A driving theory test must be passed before a learner driver can book a practical driving test. The theory test is in two parts; a multi-choice question test followed by a hazard perception test. It takes around one hour to complete the theory test.
Because driving test waiting times have been up to three or four months recently, we would advise theory test candidates to prepare for and take their theory test soon after starting a course of driving lessons. In this way, a practical driving test can be applied for as soon as the theory test has been passed.
To pass the question part of the test a minimum score of 43 out of 50 is required. Usually, there are four possible answers to each question, one of which will be correct. Questions are randomly selected from a bank of around a thousand on a selection of topics. You have 57 minutes to complete this part.
A score of 44 out of 75 is necessary to pass the hazard perception element. There will be fourteen film clips each lasting around one minute. Each clip will have at least one moving hazard for you to respond to. The faster you respond to the developing hazard, the higher your score for that clip. A maximum of five points are available for each of the fifteen hazards. In the theory test all film clips are now computer-generated imagery.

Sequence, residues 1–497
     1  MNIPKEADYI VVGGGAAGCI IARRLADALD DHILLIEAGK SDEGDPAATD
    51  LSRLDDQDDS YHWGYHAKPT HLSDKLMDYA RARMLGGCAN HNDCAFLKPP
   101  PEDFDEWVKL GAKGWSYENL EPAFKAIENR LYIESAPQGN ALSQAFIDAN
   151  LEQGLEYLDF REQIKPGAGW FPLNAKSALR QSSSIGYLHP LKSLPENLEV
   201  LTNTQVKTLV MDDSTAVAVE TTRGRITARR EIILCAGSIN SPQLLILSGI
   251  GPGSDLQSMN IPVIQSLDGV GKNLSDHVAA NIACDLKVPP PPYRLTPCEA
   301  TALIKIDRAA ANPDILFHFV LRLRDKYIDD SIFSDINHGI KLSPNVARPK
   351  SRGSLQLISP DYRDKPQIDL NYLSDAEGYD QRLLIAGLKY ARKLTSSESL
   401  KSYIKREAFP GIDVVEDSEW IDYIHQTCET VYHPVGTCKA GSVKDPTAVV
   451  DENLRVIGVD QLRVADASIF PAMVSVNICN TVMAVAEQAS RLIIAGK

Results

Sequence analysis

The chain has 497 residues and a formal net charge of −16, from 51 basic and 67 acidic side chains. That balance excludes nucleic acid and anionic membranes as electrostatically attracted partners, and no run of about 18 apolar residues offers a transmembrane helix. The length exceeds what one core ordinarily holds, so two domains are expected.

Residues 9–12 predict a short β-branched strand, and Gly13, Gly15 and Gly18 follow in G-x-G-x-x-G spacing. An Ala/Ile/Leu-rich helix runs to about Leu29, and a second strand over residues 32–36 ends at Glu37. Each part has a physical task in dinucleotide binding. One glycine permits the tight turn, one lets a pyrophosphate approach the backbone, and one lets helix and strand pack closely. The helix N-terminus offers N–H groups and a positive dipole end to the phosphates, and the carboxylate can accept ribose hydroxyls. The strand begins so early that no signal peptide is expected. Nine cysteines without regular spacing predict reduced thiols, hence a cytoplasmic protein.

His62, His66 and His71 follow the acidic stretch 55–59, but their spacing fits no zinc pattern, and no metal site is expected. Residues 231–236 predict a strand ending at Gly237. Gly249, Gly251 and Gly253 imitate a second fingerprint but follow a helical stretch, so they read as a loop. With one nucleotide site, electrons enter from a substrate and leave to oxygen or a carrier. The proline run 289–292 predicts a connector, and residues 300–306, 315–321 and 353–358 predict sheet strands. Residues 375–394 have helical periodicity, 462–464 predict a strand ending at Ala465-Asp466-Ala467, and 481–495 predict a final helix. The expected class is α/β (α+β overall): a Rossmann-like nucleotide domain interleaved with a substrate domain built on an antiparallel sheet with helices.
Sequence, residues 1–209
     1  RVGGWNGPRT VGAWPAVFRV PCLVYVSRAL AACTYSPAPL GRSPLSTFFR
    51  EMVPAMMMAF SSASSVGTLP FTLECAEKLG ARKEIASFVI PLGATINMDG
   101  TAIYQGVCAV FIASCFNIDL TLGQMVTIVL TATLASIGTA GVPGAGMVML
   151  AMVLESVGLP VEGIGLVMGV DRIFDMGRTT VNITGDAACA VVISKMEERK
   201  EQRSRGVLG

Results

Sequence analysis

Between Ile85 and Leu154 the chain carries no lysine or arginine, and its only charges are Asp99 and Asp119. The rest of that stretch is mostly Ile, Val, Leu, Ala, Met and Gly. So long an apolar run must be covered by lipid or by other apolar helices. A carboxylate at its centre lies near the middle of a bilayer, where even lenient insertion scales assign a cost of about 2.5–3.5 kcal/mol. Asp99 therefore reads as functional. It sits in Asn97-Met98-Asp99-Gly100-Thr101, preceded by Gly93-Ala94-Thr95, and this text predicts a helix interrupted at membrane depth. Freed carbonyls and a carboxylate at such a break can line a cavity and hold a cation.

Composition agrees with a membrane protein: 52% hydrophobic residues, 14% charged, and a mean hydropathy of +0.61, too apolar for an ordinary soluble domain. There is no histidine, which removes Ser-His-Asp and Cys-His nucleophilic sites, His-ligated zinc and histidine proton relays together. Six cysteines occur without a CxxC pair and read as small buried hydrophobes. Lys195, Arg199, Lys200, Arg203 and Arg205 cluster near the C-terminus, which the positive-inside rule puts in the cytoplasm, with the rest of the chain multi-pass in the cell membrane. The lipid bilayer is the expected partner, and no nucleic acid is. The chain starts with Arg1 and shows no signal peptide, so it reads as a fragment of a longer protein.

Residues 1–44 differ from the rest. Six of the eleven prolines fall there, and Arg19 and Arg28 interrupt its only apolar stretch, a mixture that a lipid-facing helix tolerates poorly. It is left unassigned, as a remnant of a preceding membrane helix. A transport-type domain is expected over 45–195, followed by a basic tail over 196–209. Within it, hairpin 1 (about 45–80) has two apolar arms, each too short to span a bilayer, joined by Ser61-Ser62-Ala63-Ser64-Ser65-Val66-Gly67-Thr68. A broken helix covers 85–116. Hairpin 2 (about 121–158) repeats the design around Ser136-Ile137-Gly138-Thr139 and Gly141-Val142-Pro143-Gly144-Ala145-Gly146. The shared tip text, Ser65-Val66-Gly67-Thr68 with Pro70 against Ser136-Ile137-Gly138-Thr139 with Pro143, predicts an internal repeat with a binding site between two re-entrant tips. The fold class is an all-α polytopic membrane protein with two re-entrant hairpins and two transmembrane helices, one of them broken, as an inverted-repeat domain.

You must pass both parts of the test on the same day. You will receive your result very soon after completing the test.
The practical driving test is conducted by a DVSA examiner around a pre-determined route and lasts around 38 – 40 minutes. Candidates are assessed fir driving faults. A maximum of fifteen are allowable to pass, however if a serious fault (potential danger) or a dangerous fault (actual danger) occur it will result in failure.
Candidates are asked to read a number plate at a distance of 20.5m and two vehicle safety questions before leaving the test centre. Failure to read the number plate will lead to a failed driving test. Failure to answer either of the questions will not result in a fault being recorded. Candidate’s driving is assessed in a variety of road and traffic conditions in both rural and urban environments.
After returning to the test centre the examiner will give the result straight away and a debrief on aspects of the candidate’s performance.